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Simplified Pantry - A Review

 photo tn_zpsd0054245.jpgIt is not a joke at all when I tell you that the most stressful part about homeschooling is eating lunch. It seems to jump out and surprise me every day. We'll be in a great learning groove and making excellent headway in a subject, and then suddenly, my students start whining about hunger pains. Making lunch requires not teaching while I make lunch. It means massive clean-up after we've eaten lunch. It means I lose my students for up to 2 hours sometimes! The best solution I can imagine is to hire a caterer or order delivery every day. But since that isn't in the budget, another great option is to implement the advice from the book Simplified Dinners by Simplified Pantry. 


I received the Gluten Free/Dairy Free version of Simplified Dinners, entitled Simple Gluten-Free & Dairy-Free Meals. We don't have to eat GFDF, but my family does well on a Paleo-style diet and this book fits the bill.
 photo sp_gfdf_sidebar_lg_zpsbf28c2f7.gifThe beginning of the book includes some excellent advice, which I've found to be true: Avoid "wannabe" foods. That intricate mix of 5 flours and exotic ingredients will NOT taste just like Pizza Hut. It just won't. And even if you can come close (which you can't,) it can't be worth the time and money involved. Instead, focus on all the great foods available to you and enjoy them!

The book also includes a handy list of foods that contain gluten and a list of foods that contain dairy. These include foods I never would have thought about, such as artificial coloring, modified food starch (which is in everything now as a cheap filler), artificial and natural flavors.

The idea is to, well, keep things simple. I could use some simple. The recipes included are delicious, easy to make, and contain only a few ingredients. Nothing required dirtying a bunch of dishes. Many variations were listed for basic staple meals, such as a chicken dinner. We loved the Orange Honey Chicken! The book gives the basic preparation instructions for a meal and then lists different variations you can use to create completely different flavors in meals, making it impossible to get tired of things. And though there are only 34 pages in the book, it is crammed full of meal ideas to keep you busy for a while.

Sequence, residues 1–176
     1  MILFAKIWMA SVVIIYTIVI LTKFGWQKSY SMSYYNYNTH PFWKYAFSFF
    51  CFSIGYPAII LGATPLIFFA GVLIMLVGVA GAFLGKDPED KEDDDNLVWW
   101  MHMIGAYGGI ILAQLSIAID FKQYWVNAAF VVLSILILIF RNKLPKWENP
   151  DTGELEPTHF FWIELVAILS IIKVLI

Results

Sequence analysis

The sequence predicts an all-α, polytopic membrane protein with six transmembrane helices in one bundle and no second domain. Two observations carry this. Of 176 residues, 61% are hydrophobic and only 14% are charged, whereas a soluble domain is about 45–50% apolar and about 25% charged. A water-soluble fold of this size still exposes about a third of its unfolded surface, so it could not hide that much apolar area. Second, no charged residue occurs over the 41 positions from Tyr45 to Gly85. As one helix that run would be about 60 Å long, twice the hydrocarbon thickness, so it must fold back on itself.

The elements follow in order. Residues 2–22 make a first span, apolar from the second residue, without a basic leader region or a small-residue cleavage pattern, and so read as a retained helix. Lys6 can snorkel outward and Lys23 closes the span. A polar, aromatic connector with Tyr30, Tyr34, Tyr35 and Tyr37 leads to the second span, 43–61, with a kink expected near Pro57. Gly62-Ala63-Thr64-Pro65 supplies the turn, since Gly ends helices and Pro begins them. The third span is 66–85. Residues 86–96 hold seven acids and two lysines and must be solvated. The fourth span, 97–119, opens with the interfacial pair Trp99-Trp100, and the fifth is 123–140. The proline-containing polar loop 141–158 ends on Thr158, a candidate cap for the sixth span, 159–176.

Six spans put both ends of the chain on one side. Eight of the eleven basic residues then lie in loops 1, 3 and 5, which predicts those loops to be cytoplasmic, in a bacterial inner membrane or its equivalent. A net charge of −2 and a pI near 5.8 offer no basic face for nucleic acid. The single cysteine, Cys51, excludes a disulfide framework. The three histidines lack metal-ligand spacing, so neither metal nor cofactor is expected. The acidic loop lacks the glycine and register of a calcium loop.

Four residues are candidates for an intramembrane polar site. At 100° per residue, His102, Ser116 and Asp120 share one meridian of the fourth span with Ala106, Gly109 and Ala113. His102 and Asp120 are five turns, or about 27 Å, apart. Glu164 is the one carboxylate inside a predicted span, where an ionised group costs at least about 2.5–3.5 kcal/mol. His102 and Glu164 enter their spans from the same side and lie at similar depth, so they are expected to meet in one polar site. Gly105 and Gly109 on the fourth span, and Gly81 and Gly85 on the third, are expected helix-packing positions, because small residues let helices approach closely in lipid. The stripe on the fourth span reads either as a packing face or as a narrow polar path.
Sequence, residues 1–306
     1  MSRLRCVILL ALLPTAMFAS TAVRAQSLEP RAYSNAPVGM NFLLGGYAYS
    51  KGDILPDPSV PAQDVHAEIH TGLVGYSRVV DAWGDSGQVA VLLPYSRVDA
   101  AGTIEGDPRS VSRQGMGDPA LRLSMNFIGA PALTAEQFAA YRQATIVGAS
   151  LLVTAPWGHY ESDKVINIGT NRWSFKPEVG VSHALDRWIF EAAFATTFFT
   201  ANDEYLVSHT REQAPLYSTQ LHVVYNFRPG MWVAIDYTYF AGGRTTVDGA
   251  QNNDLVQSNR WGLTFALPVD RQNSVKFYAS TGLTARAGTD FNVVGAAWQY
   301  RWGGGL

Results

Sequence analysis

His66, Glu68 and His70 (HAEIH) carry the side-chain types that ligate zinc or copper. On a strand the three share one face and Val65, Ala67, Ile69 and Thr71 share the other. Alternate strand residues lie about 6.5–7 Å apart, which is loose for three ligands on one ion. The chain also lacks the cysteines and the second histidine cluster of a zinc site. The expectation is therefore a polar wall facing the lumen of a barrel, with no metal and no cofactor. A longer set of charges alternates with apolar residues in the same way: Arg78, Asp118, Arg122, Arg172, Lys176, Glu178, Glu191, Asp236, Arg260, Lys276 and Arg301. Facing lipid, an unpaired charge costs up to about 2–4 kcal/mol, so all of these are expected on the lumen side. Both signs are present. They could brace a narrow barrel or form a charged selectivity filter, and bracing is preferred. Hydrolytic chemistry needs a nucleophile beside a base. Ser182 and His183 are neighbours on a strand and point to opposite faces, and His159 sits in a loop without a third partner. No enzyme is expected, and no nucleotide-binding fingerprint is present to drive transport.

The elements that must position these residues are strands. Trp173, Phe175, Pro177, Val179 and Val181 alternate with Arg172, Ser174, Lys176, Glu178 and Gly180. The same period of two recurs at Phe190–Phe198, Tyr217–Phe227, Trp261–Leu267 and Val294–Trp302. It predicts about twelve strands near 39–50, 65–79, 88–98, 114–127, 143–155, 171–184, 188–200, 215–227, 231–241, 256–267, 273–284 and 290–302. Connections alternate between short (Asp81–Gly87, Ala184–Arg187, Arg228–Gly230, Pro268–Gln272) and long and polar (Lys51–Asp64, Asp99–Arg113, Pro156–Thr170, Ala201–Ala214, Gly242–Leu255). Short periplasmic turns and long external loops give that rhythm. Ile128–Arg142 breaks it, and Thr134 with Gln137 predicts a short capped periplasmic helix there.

The ingredients were basic and the methods were simple. As an example, the Orange Honey Chicken dish I mentioned was just orange juice, honey (or brown sugar) and a squirt of ketchup cooked with frozen chicken. Following the recipe, it was a very thin sauce, but extremely tasty. I took most of the juicy sauce and cooked it on the stove with arrowroot powder to thicken it into a glaze and tossed it back into the crock pot with a bag of frozen veggies. I added some cayenne for kick, too. It was a hit! Even with my use of a second pan and stopping to turn the sauce into a glaze, my prep time was less than 15 minutes.

The variations take a meal and turn it into many different meals, so with the book, you have: 8 roasts, 8 main-dish salads, 7 lentil dishes, 6 different stews, 17 soups, 6 bean pots, 6 desserts, 9 amazing marinades (who would have imagined coffee and molasses in a marinade? yum!), and lots more.

The peanut butter cookies were a huge hit with my bunch. With 4 ingredients and 15 minutes, we had chewy, moist cookies that were gluten-free & dairy-free. We took them to our church picnic and they disappeared quickly.

There were a few pasta recipes which recommended rice noodles and some fajita/burrito recipes that required finding wheat-free tortillas. But otherwise, the ingredients were basic. In my small town, it is very hard to find ingredients that classify as even moderately exotic. The only ingredient I had trouble finding locally was tamari, but it is easily replaced with soy sauce or Bragg's aminos.

Because of the many legume recipes, it isn't something I would recommend as a paleo cookbook, but it is excellent for anyone with dairy or wheat allergies, or for anyone just wanting to avoid these foods (like my family.)

This PDF ebook is $12.99. You can print it and add to your recipe binder, or you can upload it to an eReader for a digit copy. Mystie Winckler is the author and she has a couple other books you might find of interest. This GFDF book which I reviewed is nearly identical to her other book: Simplified Dinners. Mystie also has a book entitled Paperless Home Organization, which does for your files what Simplified Dinners did for my lunches.

Mystie also has an incredible Simplified Pantry Blog, full of free recipes and ideas. I recently subscribed to her posts and have gleaned lots of ideas already.

Mystie has generously shared a 30% off coupon for my readers! Enter TOS2013 at checkout for any of her eBooks. This coupon is good through June 3rd.

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